The UK and Europe are leading the way for global agri-tech investments, having received nearly £81 billion from over 1,700 investors, according to a new report.
The report has highlighted that global investment in agri-tech is growing, almost doubling to £100 billion between January 2020 and January 2021.
Since 2000 – when worldwide investment stood at less than £1 billion – companies headquartered in the UK and mainland Europe have attracted over 43% of global investment in agri-tech.
These 564 companies have received nearly £81 billion from over 1,700 investors.
The importance of agri-tech has been recognised by the UK government. At a recent conference in the US, Defra Secretary Thérèse Coffey said: “It is through science, innovation and technology that our farming industry will continue to be sustainable.”
Looking at the UK’s ambitions, Innovate UK comes joint top globally for the number of agri-tech companies invested in, tying with Horizon 2020 and SVG Venture-THRIVE.
It is also the number one investor in Europe, highlighting the UK’s impact on the sector.
The report on agri-tech investment was created by IP specialists GovGrant, to discover the global hotspots attracting capital to the sector.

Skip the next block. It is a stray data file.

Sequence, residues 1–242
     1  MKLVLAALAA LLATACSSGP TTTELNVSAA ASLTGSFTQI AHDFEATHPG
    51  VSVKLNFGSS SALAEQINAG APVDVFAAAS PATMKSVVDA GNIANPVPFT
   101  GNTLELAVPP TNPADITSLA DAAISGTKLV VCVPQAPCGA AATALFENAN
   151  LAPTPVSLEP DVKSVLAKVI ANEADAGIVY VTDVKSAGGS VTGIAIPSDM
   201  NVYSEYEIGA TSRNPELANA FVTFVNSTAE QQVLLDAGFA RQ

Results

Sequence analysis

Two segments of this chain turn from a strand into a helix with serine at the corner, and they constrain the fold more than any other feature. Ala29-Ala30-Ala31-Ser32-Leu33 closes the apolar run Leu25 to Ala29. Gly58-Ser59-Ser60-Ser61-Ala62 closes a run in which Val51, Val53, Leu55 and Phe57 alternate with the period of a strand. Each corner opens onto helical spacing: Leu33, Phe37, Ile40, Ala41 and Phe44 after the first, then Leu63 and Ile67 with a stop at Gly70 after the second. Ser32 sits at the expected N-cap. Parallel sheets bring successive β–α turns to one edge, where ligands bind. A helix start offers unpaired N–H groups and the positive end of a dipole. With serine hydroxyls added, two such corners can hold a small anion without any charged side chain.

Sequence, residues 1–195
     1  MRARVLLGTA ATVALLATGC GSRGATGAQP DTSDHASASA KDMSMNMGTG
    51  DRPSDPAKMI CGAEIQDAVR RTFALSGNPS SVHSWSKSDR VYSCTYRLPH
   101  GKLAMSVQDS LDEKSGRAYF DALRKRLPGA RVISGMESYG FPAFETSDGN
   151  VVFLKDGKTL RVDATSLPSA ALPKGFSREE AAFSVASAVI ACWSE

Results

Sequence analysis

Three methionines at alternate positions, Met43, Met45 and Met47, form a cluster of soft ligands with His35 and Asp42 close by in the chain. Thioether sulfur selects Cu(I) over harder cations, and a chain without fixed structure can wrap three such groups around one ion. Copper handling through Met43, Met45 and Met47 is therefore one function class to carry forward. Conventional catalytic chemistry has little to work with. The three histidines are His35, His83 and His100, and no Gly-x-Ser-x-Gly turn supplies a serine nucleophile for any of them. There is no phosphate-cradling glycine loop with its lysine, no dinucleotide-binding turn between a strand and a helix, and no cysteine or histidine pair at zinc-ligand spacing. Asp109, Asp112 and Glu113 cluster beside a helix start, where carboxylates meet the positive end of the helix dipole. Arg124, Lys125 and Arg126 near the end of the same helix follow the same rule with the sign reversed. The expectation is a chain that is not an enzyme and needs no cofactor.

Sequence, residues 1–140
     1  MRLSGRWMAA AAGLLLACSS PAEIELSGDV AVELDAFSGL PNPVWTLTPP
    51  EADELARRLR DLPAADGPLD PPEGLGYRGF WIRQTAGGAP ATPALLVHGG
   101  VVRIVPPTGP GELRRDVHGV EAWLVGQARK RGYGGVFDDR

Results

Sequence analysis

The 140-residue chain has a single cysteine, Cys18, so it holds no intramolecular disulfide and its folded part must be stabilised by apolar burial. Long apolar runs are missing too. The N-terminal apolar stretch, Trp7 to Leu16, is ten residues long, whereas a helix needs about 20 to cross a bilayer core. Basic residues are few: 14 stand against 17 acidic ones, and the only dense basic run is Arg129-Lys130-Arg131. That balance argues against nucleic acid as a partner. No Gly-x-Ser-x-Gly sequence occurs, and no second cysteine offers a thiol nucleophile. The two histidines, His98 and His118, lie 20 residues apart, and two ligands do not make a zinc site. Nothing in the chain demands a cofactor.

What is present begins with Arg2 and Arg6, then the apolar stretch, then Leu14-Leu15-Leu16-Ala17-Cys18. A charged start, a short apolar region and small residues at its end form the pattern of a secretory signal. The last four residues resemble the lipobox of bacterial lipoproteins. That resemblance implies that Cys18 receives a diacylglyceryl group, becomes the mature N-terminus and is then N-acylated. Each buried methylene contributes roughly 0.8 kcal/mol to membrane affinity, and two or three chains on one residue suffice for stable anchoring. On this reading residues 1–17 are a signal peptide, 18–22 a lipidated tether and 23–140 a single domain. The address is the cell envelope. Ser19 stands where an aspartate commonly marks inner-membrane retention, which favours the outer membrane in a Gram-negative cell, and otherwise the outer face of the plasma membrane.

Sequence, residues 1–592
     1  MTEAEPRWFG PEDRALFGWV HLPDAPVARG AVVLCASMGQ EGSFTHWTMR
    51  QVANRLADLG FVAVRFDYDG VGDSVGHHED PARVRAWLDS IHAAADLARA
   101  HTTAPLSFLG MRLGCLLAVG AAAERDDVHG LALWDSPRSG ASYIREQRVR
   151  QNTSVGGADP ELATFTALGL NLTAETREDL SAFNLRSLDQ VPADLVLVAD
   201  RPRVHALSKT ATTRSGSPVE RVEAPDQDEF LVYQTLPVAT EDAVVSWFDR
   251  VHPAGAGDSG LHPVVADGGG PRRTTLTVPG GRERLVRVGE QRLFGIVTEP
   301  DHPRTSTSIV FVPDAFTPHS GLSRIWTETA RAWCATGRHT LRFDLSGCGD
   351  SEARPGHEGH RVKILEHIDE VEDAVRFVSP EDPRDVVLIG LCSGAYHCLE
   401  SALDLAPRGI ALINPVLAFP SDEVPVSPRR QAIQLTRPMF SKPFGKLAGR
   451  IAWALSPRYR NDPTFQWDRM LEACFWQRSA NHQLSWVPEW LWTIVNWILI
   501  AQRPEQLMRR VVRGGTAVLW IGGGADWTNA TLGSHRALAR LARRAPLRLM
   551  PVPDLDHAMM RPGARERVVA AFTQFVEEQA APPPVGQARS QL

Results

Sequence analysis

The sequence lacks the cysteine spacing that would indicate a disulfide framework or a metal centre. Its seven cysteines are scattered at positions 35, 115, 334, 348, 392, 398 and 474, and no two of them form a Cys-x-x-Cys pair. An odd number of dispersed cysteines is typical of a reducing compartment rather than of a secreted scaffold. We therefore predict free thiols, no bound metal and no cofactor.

The UK specialises in indoor farming and animal agri-tech, which accounts for around 40%of its investment, whereas in Europe or globally, they make up under 10%.
With significant expertise in these areas, the report says there is 'great potential' for UK growth and differentiation in indoor farming and animal agri-tech.
Animal agri-tech concentrates on solutions to monitor, analyse and optimise animal health and production. It also explores animal substitution through alt proteins.
Indoor farming, meanwhile, involves components, systems and growers that are all focused on farming indoors, including tech contributing to vertical farming, aquaponics and hydroponics.
London-based Vertical Future raised the largest-ever series A investment for a European indoor farming company: £21 million, which included participation from SFC Capital.
Adam Simmonds, research associate at GovGrant, said the rise in UK agri-tech investment in recent years was 'nothing short of remarkable'.
"As the world faces surging food demand, it’s also becoming increasingly urgent to curb emissions from food production," he explained.
"This combination of factors only makes the case for agri-tech more compelling, so we can expect even more investment."
Mr Simmonds said venture capital would account for most of the early investment, particularly for agri-tech startups.
"Then, private equity investors will come on board to help thriving companies grow," he added.
And as agri-tech becomes ever more vital and goes more mainstream, many agri-tech companies will be listed on stock exchanges.
"It all points to more-than-healthy growth for the sector," Mr Simmonds said, adding that in the UK, indoor farming and animal agri-tech would be at the forefront.